Not much has been written about Juanita Wildebush (no, it's not her real name). Years ago Farf did a humorous piece centering on her (I miss the fuck out of Farf), but the most detail we got was found in Paul Watkins' book My Life with Charles Manson. Here is an excerpt followed by a couple of pics of her. She was one of the lucky ones. She escaped with her life, but lighter in the pocketbook. Enjoy...
"My name's Juanita," she said, still gauging traffic through her outside rearview mirror. She turned and smiled. "Juanita Wildebush."
"You're kidding." I beamed. "I'm Paul...Paul Watkins."
Juanita was a big, corpulent, rawboned blonde, with thick hair, thick lips, and generous well-tanned haunches. She wore an embroidered Mexican blouse, a tight pair of white shorts, and sandals. Her teeth looked like chunks of quartz crystal when she grinned, telling me she had just returned from Mexico City but was headed right back. "This culture sucks," she quipped. "After being down there for a year, everything up here seems dead." She said she spoke fluent Spanish and that after stopping in L.A. she'd be driving straight through to Oaxaca.
"We could have used you last night." I described briefly what had transpired with the rancheros. She seemed delighted with the story but felt that we should have gone to the party and had a good time. "It would have been a gas. Latin men are the greatest, let me tell ya." She went on to recount, quite graphically, several romantic episodes that she had enjoyed south of the border. "Those guys don't just ball; they get down!" So imbued was she with anything that smacked of Latin culture, I felt it futile to do anything but nod in agreement.
"Whereabouts you goin' in L.A.?" she said at last.
"I live in the Santa Susana Hills at a place called Spahn's ranch."
"Never heard of it."
We chatted amiably while her tape deck boomed out the Beatles and Three Dog Night. The inside of the van was completely customized, with a full leather tuck-in roll, a canopied bed, a propane stove, refrigerator, and a yellow life raft which sat perched on top of the mattress alongside some scuba diving gear. I got the distinct impression Juanita wasn't hurting for money. And that she was horny. I told her a little about the Family and Charlie and that our lifestyle was pretty much divorced from the rat race Anglo culture she so abhorred. When she mentioned that she had recently come into a small inheritance, I suggested, circuitously, that she stop by at the ranch and meet Charlie. She said she'd like that.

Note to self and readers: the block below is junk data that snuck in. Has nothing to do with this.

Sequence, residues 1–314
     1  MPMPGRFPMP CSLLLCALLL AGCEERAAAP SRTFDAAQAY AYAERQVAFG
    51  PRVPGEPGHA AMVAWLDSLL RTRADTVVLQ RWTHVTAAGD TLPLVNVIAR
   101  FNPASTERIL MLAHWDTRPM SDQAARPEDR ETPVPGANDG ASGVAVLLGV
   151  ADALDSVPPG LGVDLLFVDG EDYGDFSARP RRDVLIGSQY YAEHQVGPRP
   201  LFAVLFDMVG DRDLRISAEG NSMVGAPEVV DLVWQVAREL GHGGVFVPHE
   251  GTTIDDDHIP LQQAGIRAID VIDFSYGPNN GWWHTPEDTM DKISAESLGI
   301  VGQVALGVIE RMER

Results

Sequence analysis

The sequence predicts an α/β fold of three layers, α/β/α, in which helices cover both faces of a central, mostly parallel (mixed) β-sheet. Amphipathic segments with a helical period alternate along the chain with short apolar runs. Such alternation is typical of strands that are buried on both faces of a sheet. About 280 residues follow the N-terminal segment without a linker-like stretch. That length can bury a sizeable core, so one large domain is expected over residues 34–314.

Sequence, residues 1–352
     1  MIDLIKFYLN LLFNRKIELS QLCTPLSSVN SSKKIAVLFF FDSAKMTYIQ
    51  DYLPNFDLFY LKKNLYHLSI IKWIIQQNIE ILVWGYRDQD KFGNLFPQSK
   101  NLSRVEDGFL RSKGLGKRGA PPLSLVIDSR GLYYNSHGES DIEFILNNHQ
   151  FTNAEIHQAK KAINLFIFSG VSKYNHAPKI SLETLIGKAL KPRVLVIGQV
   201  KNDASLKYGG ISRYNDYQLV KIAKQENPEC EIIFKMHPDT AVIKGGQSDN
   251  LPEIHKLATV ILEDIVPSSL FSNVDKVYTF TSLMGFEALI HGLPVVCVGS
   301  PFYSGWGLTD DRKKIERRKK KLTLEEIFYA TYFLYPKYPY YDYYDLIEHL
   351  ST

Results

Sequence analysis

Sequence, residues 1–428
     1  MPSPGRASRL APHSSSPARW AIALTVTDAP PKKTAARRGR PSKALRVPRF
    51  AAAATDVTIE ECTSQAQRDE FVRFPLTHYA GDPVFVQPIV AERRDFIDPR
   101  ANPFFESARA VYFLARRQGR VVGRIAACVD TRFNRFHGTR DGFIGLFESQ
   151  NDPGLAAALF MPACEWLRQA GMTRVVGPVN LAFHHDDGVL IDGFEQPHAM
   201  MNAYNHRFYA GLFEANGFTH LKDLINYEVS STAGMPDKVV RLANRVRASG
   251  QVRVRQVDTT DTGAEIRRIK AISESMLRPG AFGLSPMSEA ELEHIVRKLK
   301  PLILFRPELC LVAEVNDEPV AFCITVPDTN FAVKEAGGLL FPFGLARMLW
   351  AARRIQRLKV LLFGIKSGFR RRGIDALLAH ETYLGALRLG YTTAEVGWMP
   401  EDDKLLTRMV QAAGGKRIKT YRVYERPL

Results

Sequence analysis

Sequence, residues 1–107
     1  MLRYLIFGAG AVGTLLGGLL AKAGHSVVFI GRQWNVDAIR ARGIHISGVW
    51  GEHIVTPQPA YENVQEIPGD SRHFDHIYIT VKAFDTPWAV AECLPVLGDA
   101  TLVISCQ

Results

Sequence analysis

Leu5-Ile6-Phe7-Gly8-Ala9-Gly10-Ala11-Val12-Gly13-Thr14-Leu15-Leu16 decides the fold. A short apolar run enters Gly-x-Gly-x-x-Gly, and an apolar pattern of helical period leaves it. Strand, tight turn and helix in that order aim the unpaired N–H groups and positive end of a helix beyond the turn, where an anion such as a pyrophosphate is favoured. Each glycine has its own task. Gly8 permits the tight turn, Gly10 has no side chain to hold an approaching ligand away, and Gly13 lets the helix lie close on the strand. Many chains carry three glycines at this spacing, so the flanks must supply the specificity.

When we pulled up and parked in front of the ranch house that night, Charlie was sitting outside on the porch whittling on a piece of wood.
"Made good time, Paul," he said. "Only one back so far. Who's your friend?" Charlie stood as we approached the porch.
"This is Juanita, Charlie...Juanita Wildebush."
"No shit! That's your name?...Jesus! That's real poetic!" He laughed. "Come on in."
We followed Charlie into the house. While I poured a cold glass of water, he proceeded to introduce Juanita to Snake, Squeaky, Sandy, Ouisch, and the new girl Catherine Gilles, who were seated around the fire. Juan Flynn was lounging around the couch playing with Pooh Bear. Brooks was in the shower, singing. Juanita and Juan exchanged amenities in Spanish and Juanita seemed pleased at this.
Later, Charlie took her aside to smoke a dube while I parked her van down by the corral. I didn't hurry, so as to give him plenty of time to lay out his rap. I'd told him Juanita had money and that she might be willing to part with some of it. At the time, I wasn't averse to hustling money for the Family. It was like a game. I could think of no better cause than our own communal existence. And, like everyone else in the Family in those days, I wanted to please Charlie. By the time I got back, Charlie had the full scoop. Juanita's inheritance was no mere pittance—some fifteen thousand dollars, to be exact; what she needed most, he said, was to have her "wildbush" sucked, good and proper.
"She's partial to you, man." He beamed. "So just take her back to her van and ring her bell."
I hadn't figured on that. Generally, Charlie was first with any new girl. Had Juanita been physically attractive, he would have been. The fact is, I'd been thinking about Snake all the way home. But I didn't have much choice.
Juanita and I spent a long and active night in the van. And some of the next morning. She was eager, she said, to move in with the Family. That afternoon she made arrangements to give us some of her money. A week later George Spahn's four-thousand-dollar tax bill was paid in full.
COPYRIGHT PAUL WATKINS AND GUILLERMO SOLEDAD